There are many ways to go about detecting a rootkit hooking the SSDT, and we will discuss extensions/scripts for the moment:
1st Method - SwishDbgExt
The first method we will be using in this postmortem debugging example is the wonderful SwishDbgExt, which was developed/created by a friend of mine (Matt Suiche). I've made various contributions to the help file considering the love I have gathered for this extension. It makes a lot of our lives as debuggers much easier.
Once you have the extension loaded, we're going to be using the !ms_ssdt command. This command displays the System Service Dispatch Table, which is extremely helpful in the investigation of suspected rootkit hooks through using what is known as Direct Kernel Object Manipulation (DKOM).
-- Chopping some of the SSDT output as it's fairly large, let's skip to what's important:
|-------|--------------------|--------------------------------------------------------|---------|--------| | Index | Address | Name | Patched | Hooked | |-------|--------------------|--------------------------------------------------------|---------|--------| *** ERROR: Module load completed but symbols could not be loaded for Gjglly.sys | 126 | 0xFFFFFFFF91F054C2 | Gjglly | | | | 127 | 0xFFFFFFFF81A34F80 | nt!NtDeviceIoControlFile | | | | 128 | 0xFFFFFFFF81949B44 | nt!NtDisplayString | | | | 129 | 0xFFFFFFFF81A2117F | nt!NtDuplicateObject | | | | 130 | 0xFFFFFFFF81A18134 | nt!NtDuplicateToken | | | | 131 | 0xFFFFFFFF81AB14E8 | nt!NtEnumerateBootEntries | | | | 132 | 0xFFFFFFFF81AB278A | nt!NtEnumerateDriverEntries | | | | 133 | 0xFFFFFFFF91F04FFA | Gjglly | | | | 134 | 0xFFFFFFFF81AB10B7 | nt!NtEnumerateSystemEnvironmentValuesEx | | | | 135 | 0xFFFFFFFF81A9F073 | nt!NtEnumerateTransactionObject | | | | 136 | 0xFFFFFFFF91F051B6 | Gjglly | | | | 137 | 0xFFFFFFFF81A802D5 | nt!NtExtendSection | | | | 138 | 0xFFFFFFFF819A113A | nt!NtFilterToken | | | | 139 | 0xFFFFFFFF819B39FC | nt!NtFindAtom | | | | 140 | 0xFFFFFFFF819DCA86 | nt!NtFlushBuffersFile | | | | 141 | 0xFFFFFFFF819AD0F6 | nt!NtFlushInstructionCache | | | | 142 | 0xFFFFFFFF819781EB | nt!NtFlushKey | | | | 143 | 0xFFFFFFFF818B11C1 | nt!NtFlushProcessWriteBuffers | | | | 144 | 0xFFFFFFFF819C175B | nt!NtFlushVirtualMemory | | | | 145 | 0xFFFFFFFF81A82D64 | nt!NtFlushWriteBuffer | | Yes |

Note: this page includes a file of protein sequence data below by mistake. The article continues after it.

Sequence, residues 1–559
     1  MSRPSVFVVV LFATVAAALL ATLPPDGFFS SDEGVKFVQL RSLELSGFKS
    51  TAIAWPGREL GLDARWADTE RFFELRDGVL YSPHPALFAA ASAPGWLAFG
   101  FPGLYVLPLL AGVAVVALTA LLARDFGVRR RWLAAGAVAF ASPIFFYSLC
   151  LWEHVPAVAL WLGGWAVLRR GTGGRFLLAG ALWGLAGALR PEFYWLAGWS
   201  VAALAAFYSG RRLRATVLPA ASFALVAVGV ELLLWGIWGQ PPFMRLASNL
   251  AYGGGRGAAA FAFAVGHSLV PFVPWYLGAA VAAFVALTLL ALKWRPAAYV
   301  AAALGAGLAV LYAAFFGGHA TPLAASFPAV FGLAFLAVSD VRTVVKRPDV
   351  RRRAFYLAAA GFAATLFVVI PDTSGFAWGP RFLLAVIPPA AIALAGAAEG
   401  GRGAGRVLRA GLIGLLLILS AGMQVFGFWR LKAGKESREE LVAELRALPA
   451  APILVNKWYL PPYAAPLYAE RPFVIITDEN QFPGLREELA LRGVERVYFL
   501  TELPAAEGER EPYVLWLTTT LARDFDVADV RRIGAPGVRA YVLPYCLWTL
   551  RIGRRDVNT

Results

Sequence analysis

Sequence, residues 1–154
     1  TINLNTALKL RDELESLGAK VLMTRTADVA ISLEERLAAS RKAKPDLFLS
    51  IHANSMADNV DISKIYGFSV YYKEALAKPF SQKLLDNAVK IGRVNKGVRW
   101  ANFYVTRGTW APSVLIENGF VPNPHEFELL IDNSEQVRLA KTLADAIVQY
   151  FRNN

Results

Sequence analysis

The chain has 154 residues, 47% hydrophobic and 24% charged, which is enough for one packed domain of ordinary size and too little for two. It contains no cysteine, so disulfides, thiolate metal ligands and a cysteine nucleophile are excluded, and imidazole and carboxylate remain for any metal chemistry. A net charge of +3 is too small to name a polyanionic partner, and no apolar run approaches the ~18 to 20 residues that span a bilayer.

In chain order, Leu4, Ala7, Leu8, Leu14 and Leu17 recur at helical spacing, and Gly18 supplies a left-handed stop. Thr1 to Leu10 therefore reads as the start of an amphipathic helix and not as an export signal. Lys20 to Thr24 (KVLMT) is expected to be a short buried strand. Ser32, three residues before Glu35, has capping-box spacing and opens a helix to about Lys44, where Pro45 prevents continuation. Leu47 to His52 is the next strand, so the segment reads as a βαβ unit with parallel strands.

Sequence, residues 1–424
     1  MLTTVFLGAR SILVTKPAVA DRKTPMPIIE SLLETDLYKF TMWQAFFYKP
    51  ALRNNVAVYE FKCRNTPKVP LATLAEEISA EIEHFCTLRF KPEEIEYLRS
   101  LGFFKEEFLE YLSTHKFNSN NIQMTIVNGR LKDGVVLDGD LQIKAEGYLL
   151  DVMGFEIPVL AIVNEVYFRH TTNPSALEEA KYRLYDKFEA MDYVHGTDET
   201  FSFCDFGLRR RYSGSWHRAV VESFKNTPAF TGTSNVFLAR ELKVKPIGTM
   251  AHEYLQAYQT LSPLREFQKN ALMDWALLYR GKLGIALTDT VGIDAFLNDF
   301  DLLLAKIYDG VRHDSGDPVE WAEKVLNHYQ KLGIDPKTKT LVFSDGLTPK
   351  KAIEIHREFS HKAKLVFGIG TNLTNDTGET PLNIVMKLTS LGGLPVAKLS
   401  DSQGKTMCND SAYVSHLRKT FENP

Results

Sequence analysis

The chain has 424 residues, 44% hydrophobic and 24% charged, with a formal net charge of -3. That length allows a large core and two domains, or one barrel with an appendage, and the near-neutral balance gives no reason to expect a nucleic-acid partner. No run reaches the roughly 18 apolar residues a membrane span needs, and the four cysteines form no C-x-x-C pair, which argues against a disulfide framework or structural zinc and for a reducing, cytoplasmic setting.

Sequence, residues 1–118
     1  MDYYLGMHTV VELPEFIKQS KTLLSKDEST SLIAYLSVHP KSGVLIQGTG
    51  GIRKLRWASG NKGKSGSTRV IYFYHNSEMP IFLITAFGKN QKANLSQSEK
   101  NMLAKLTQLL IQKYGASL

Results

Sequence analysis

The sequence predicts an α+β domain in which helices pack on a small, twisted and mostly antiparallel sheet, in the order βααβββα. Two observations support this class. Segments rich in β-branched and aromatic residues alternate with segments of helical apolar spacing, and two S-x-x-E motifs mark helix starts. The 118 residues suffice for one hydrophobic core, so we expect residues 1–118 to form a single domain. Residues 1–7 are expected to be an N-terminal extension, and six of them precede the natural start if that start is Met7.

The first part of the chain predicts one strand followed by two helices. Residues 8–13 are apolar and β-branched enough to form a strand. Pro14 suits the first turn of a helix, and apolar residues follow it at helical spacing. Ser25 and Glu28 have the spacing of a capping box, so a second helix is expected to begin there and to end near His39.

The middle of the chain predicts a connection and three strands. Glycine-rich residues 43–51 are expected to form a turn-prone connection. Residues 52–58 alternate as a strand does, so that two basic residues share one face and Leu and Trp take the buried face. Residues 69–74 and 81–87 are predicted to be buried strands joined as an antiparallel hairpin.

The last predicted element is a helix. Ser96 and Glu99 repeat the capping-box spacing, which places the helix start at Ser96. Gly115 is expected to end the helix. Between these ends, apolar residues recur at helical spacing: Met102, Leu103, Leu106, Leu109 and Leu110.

We can see a module (Gjglly.sys), and nt!NtFlushWriteBuffer is hooked. Let's not jump to conclusions just yet as this could be a completely legitimate hook.
First of all, what's Gjglly.sys? This is a driver in relation to AntiDebugLIB.
An advanced software encryption tool.This is a legitimate driver, but we can also at the same time not jump to conclusions on it being safe as said above (hint: it's not - I will discuss later).
AntiDebugLIB is a useful tool that was designed in order to assist software developers protect their applications against advanced reverse engineering and software cracking. It offers a powerful advanced license control which allow developers to distribute trial versions of their applications securely.
2nd Method - Script
The second method we will be using in this postmortem debugging example is an older script developed by Lionel d'Hauenens of Laboskopia. This script will only work with the x86 WinDbg client. Regardless, as we know, it's always best to debug a crash dump in the client based off of the system's architecture. Given the system that generated this crash dump was 32-bit, we'll be debugging it with the x86 WinDbg client.